After an escalation on 26 March, the UN and Egypt have worked to guide the parties back to the ceasefire concluded indirectly in November. On 30 March, the one-year anniversary of the Great March of Return, Israeli soldiers killed four Palestinians and wounded others near the line separating Israel from Gaza. Since then, calm seems to have returned. Even if the truce holds, however, another forthcoming anniversary looms. On 15 May, Palestinians commemorate al-Nakba, the catastrophe that befell them with the establishment of the State of Israel, which could be a flashpoint of disruption.
So, too, could tensions elsewhere. Shuttered by Israel in , it was forcibly reopened in February by Palestinians who turned it into a prayer hall. Israel seeks to reverse the change, risking a major escalation with Jordan, which manages the area through the Islamic waqf. On 25 March, a rocket fired from the Gaza Strip landed in Mishmeret, north of Tel Aviv, destroying a family house and wounding seven Israelis, including a twelve-year-old girl and two infants. Hamas said it had launched the 25 March rocket in error, but few in Israel believed this claim.
In that agreement, Hamas committed to end rocket fire into Israel and promised to restrain the intensity of the ongoing protests.
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This was to be followed by secondary and tertiary phases once the risk of war had passed. While Israel has allowed the passage of Qatari fuel and funds, and Hamas has demonstrated its capacity to restrain protests undertaken as part of the Great March of Return, Israel has shown little willingness to take further steps beyond the initial ceasefire agreement.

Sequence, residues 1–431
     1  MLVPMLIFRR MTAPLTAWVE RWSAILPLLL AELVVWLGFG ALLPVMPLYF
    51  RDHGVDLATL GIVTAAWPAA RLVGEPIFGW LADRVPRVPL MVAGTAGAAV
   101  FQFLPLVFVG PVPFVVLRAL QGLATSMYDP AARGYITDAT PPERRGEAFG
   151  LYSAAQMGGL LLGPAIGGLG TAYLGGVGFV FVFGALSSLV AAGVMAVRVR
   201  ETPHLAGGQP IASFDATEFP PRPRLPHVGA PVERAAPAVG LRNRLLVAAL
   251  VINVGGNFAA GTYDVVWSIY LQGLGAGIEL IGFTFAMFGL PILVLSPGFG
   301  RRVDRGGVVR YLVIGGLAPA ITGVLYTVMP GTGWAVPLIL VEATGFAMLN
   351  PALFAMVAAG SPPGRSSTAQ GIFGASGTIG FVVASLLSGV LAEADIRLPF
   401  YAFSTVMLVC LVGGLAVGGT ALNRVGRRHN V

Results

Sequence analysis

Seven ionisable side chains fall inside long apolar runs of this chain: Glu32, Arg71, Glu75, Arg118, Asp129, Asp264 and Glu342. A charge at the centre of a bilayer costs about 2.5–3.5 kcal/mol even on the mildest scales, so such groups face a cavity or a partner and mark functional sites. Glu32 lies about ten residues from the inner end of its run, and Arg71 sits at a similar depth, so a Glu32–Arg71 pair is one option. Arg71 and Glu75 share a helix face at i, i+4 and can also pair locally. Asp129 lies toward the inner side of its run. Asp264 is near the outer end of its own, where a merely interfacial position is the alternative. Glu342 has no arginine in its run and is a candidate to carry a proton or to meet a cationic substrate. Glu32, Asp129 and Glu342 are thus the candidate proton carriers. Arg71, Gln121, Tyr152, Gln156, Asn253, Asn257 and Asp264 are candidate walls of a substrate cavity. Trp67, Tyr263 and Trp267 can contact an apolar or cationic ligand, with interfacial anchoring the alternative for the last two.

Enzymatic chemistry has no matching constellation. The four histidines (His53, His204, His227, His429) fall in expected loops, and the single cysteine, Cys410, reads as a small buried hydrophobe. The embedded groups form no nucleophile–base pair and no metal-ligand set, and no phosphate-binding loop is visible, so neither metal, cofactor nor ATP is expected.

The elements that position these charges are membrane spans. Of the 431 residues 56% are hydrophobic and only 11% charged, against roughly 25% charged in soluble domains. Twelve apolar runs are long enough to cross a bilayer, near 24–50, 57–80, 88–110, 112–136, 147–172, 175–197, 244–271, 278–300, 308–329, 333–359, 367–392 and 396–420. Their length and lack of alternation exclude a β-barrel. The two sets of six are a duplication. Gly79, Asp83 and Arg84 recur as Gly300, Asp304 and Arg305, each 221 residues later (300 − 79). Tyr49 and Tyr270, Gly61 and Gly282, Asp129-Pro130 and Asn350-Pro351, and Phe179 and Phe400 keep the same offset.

Recommitment to the indirect ceasefire agreement that followed the last escalation at the end of March succeeded in calming the situation in Gaza ahead of the Israeli elections. In February, Palestinians forcibly regained access to the site, which Israel closed in , turning it into a prayer hall.
North Korean Succession and the Risks of Instability
Israel seeks to close the building once more. It is important to rapidly resolve this crisis because minor incidents at the esplanade have previously triggered major escalations, especially at times of relative volatility in Gaza and the West Bank. Moreover, if the incoming Israeli government formulates its strategy while a crisis is festering at the site, it might decide to further erode the historical Status Quo at the site, which is necessary for stability because it is a framework for managing the site that all parties have stated they are committed to upholding.